Tuesday, October 22, 2013

African-Americans, Many Rivers to Cross

In the lead up to the airing of the PBS airing of “African-Americans, Many Rivers to Cross” presented by Dr. Henry Louis Gates Jr., there has been a lot of publicity generated for the show. In an article published October 21, 2013 the views concerning the reason for the show are given by professor Gates.


As someone who mainly researches the history and genealogy of African-Americans who were enslaved by Cherokee, Chickasaw, Choctaw, Creek and Seminole Indians I’m always sensitive to programs like this and whether the history I research will ever be a part of the discussion. It is with great anticipation I await the first show with hopes there be more than a passing reference to the extensive history of Indian Territory slaves and their contributions to the African-American history.

In the article Dr. Gates is quoted as saying “Slavery-the supreme hypocrisy” was always an essential ingredient of the American experiment. White America always drew heavily on the labor, culture and traditions of blacks while denying them due credit in exchange, not to mention their human rights.”

There is merit in this statement but it like so much African-American history fails to include the hypocrisy of Native Americans, specifically the “Five Slave Holding Tribes.” The article in the first sentence declares how the wounds of slavery “still afflict the country today” I would argue this should include the wounds inflicted on the descendants of Indian Territory Freedmen.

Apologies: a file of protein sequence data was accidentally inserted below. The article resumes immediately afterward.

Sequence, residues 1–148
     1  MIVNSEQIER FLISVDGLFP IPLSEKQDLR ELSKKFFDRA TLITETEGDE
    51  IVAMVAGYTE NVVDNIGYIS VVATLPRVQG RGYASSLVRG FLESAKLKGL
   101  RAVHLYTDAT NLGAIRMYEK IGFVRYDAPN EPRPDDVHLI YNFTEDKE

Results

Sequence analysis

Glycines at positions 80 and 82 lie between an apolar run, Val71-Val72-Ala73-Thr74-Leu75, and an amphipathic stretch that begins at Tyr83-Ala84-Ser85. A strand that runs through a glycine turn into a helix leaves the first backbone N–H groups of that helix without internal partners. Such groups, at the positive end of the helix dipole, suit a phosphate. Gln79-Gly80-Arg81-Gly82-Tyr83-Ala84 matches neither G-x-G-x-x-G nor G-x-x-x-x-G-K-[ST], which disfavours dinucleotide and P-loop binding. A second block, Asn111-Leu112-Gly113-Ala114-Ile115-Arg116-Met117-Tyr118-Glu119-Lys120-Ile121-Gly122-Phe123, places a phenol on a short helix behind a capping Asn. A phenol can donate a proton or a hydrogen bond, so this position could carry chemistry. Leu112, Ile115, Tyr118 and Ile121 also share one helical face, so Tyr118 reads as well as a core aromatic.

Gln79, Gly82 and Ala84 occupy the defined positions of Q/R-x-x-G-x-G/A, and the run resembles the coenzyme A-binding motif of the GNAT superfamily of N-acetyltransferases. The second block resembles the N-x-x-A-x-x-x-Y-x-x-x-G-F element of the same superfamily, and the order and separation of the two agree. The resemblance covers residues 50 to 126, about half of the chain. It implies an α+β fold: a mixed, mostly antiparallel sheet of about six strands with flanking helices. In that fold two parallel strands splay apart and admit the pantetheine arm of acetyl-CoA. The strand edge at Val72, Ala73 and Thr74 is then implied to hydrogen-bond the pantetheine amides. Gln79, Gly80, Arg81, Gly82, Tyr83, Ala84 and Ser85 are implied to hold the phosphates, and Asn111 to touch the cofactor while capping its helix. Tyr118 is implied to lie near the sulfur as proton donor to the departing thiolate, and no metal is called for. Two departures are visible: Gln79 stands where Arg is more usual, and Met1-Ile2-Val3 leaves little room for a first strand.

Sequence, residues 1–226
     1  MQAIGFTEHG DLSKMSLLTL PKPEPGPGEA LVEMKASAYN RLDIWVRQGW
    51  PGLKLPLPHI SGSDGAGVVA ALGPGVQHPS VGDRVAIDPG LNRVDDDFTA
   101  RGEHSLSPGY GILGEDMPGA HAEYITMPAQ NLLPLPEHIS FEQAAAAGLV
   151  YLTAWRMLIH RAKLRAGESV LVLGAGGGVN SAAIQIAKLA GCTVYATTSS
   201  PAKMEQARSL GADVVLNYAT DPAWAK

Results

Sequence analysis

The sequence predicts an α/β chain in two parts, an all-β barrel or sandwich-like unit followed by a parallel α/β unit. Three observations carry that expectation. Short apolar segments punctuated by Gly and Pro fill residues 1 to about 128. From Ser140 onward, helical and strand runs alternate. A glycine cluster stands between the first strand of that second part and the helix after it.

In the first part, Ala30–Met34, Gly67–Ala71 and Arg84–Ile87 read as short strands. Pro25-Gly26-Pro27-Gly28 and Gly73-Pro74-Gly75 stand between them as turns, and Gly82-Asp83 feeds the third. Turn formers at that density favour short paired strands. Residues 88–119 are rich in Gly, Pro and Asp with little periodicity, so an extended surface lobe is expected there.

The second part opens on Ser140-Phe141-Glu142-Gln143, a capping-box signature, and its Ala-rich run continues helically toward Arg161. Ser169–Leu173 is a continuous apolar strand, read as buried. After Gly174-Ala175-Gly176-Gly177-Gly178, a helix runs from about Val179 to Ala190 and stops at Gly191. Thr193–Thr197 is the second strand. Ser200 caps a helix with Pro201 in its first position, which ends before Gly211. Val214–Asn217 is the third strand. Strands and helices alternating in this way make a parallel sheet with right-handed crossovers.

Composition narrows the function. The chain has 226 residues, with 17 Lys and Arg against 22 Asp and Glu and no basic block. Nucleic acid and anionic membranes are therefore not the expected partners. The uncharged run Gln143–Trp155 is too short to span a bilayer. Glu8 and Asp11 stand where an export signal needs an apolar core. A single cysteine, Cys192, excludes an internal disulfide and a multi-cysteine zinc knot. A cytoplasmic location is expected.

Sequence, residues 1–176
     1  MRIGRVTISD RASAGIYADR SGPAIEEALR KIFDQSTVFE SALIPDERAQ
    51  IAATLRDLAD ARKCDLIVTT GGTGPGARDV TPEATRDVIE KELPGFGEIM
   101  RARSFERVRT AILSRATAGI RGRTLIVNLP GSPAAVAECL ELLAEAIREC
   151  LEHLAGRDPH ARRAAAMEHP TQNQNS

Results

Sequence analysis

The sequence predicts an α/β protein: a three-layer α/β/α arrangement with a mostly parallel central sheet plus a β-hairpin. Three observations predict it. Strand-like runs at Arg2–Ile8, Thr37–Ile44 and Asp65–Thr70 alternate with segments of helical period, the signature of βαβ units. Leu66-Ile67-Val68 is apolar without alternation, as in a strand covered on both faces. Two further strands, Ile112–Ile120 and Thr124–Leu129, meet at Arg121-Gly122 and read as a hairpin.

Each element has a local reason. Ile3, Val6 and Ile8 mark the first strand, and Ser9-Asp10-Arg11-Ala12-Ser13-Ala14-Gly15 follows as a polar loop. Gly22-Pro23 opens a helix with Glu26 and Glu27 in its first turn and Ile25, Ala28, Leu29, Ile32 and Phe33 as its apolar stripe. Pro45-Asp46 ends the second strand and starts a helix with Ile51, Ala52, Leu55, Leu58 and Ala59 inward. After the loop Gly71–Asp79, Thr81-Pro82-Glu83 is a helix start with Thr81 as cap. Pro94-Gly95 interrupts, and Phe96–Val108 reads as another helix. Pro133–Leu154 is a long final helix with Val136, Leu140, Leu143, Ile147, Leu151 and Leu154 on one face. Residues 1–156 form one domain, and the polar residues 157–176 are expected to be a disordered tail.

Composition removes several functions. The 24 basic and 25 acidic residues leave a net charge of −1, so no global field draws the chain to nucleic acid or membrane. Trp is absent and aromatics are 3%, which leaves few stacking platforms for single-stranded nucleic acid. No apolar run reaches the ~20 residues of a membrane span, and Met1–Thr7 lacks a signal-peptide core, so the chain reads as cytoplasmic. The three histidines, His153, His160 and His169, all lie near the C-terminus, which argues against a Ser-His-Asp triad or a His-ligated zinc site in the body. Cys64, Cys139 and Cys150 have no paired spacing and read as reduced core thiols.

The horrific “profitable practice of slavery and the brutal inhumanity of Jim Crow” did not stop at the borders of Indian Territory. The slaves of the Five Slave Holding Tribes that were emancipated in 1866 also suffered from Jim Crow, race wars and lynching’s yet very little of this history seems to be included in “African-American” history. The contributions to the Cherokee, Chickasaw, Choctaw, Creek and Seminole especially seems to be lost to history when programs of this nature are produced and it is about time the history of Indian Territory Freedmen be included.


As I watch this series it is my greatest hope that the story of slavery among the Cherokee, Chickasaw, Choctaw, Creek and Seminole Nations is incorporated in the story.  The “amnesia about slavery” that Dr. Gates discusses I would argue should also include the amnesia in Indian Country.  If Dr. Gates and the producers of African-Americans-Many Rivers to Cross are “interested in recognizing and discovering oft-neglected pieces of the American puzzle” I humbly submit he need look no further than Indian Territory or what is now the state of Oklahoma.

As a member of the African-American Genealogy & History Blogging Circle I will be writing more about my opinions and observations of Dr. Gates' program with hopes of providing an insight that may not be presented in the program. 

1 comment:

  1. I just watched the first episode and there was no mention. Perhaps it will come up in the second one as he moves forward in time. So far I don't feel that I got any new information from the first episode. The scenery was beautiful, though.

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